From Tobacco Info No. 1 - June 2010
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Cigarillos in packs of 20
April 6 marked the final day of individual cigarillo sales, thanks to the passing of federal bill C-32 in October, 2009. Under the terms of the federal legislation, the Cracking Down on Tobacco Marketing Aimed at Youth Act, cigarillos must now be sold in packs of at least 20. These measures were established in order to restrict the marketing of cigarillos to young people. Tobacco control groups demonstrated that smoking among youth had increased as a result of the promotion of flavoured cigarillos, which were attractive and affordable for teenagers because they were sold in smaller, colourful packages and were available in an array of flavours like chocolate or candy.
Later this summer, the question of additives will be answered by a second phase of bill C-32. On July 5, 2010, virtually all flavourings added to cigarettes, cigarillos and blunt wraps, including the addition of sugar, honey or other sweeteners, will be banned.
Tobacco tax hikes
In the provincial budget delivered on March 29, 2010, the Newfoundland and Labrador government increased tobacco taxes by $2.00 per carton of 200 cigarettes and by $2.00 per 200 roll-your-own cigarettes (100 grams of tobacco). Tobacco taxes are increased by 1 cent per cigarette and 2 cents per gram of roll-your-own. The province is forecasting that total tobacco tax revenues will increase by $6 million per year, from $113 million to $119 million.
In the Manitoba Budget tabled March 23, 2010, tobacco taxes were increased by $4.00 per carton of 200 cigarettes and by $2.00 per 200 roll-your-own cigarettes (100 g). The budget forecasts an increase in annual revenue of $18 million, from $207 million to $225 million.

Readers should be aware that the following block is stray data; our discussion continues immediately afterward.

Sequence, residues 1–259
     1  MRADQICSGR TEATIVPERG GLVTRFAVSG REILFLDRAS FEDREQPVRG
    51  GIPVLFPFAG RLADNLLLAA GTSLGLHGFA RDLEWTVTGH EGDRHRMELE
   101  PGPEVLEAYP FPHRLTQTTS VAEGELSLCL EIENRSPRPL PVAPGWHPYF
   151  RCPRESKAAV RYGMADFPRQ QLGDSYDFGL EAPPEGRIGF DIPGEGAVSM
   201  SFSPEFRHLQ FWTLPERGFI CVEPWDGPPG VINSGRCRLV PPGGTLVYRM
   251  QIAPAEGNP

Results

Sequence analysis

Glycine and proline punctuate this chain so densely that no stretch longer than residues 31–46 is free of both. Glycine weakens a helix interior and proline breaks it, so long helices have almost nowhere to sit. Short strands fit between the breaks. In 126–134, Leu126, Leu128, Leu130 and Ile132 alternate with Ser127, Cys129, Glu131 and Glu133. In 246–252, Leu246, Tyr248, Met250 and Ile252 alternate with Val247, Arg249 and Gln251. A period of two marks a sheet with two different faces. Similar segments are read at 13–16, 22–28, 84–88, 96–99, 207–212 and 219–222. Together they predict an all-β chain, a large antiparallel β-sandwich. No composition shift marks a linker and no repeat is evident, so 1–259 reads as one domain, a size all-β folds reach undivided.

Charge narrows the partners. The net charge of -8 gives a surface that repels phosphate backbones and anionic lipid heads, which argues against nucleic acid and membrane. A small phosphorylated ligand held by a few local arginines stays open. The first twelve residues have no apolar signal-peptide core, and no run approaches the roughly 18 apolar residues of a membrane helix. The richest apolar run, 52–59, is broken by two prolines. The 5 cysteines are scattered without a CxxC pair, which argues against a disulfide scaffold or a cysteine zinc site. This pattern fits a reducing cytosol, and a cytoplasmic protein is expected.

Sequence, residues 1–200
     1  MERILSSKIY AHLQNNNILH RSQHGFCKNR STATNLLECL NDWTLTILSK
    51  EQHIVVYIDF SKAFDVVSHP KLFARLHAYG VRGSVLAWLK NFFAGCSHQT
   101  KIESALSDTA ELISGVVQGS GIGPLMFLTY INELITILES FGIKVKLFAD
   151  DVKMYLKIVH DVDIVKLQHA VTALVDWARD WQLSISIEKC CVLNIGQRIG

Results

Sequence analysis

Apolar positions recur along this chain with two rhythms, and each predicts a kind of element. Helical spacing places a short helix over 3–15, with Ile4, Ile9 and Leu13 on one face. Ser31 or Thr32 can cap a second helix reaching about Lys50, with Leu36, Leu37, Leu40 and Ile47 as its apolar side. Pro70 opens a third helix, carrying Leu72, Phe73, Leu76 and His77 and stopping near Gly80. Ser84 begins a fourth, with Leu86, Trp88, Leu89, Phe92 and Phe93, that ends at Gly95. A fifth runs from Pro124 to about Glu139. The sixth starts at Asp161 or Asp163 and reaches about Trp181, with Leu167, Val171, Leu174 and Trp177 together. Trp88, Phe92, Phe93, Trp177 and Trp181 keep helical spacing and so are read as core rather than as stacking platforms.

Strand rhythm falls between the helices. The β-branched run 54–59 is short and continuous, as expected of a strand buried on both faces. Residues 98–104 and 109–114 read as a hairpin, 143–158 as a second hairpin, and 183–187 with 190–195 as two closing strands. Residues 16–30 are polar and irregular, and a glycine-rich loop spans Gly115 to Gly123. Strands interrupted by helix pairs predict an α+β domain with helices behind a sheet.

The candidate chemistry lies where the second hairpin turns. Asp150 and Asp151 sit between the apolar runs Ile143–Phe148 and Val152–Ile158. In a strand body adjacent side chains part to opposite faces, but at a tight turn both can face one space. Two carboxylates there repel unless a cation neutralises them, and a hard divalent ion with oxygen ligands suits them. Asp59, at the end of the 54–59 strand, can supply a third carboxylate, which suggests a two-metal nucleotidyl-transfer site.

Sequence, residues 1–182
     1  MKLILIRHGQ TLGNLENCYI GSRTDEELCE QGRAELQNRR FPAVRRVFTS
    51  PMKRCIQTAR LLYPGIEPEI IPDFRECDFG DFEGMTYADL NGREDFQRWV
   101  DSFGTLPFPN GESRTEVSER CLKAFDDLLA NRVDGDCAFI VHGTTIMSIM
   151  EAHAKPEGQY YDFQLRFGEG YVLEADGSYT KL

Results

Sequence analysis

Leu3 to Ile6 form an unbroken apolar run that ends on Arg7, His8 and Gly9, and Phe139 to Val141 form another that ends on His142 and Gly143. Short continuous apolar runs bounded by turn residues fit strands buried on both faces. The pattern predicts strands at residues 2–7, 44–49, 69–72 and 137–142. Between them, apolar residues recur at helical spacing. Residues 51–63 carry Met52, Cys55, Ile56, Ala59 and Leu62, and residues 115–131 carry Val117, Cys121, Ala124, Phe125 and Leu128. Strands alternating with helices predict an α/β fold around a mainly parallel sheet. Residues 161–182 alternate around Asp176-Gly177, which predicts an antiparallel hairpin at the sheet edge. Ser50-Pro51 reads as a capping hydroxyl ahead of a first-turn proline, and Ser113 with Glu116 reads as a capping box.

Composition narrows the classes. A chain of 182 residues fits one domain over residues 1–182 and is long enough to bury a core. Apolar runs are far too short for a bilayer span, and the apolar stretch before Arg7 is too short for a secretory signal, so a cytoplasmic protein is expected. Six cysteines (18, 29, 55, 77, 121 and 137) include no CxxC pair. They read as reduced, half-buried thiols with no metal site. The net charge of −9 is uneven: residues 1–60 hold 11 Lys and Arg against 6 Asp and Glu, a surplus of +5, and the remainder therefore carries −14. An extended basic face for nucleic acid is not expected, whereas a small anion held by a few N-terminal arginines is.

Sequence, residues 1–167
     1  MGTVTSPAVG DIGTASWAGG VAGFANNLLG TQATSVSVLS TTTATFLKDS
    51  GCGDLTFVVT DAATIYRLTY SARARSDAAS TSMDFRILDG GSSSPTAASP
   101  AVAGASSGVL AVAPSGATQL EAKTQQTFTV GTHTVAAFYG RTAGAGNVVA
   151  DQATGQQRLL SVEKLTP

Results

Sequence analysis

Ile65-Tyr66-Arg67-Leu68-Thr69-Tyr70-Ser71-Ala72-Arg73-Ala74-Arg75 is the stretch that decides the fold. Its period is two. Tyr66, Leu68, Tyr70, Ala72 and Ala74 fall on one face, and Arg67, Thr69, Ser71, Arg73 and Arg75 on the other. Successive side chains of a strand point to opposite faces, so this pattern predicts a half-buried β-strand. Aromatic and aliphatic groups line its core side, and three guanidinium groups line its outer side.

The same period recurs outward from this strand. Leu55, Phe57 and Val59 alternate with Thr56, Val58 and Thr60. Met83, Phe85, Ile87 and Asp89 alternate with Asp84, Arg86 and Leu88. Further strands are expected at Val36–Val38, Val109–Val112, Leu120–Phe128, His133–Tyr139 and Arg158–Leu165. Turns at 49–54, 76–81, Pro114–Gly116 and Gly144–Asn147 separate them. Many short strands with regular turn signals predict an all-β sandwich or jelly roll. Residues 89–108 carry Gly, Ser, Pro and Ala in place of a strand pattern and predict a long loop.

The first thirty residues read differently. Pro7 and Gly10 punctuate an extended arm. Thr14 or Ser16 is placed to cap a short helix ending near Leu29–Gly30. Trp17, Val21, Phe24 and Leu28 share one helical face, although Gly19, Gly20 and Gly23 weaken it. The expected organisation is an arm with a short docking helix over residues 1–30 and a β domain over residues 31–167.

In the Nova Scotia budget delivered on Tuesday, April 6, the government increased the provincial portion of the harmonized sales tax from 8% to 10% effective July 1, 2010, meaning that the total HST will increase from 13% to 15%. The result is that the price of a carton of 200 cigarettes will go up by about $1.50, and the price of 200 roll-your-own cigarettes (100 g) will go up by about 70 cents.
Effective April 1, 2010, the government of the Northwest Territories will be introducing policies to ensure that tobacco tax rates keep up with inflation.
The doctor’s not always right
Retired psychiatrist, Dr. Jean-Jacques Bourque, former president of Quebec’s Association of Psychiatrists, wrote a book entitled Écrasons la cigarette, pas le fumeur (Crush the cigarette, not the smoker), which received wide and unquestioning media coverage in Quebec.
Bourque’s book, published in January, argues that smoke is less harmful to smokers than the social pressures they feel with smoke-free initiatives or tobacco cessation messages. He also claims that smokers are people with mental illness, but not conscious of their condition, and would be at risk of suicide if they halted the intake of nicotine. As a result, he proposes that health warnings on tobacco packs should include information discouraging quitting.
Bourque’s plea depicts nicotine addiction as apparently incurable, and uses a set of unverifiable and often melodramatic anecdotes to justify what he believes has been a “crusade” to crush smokers.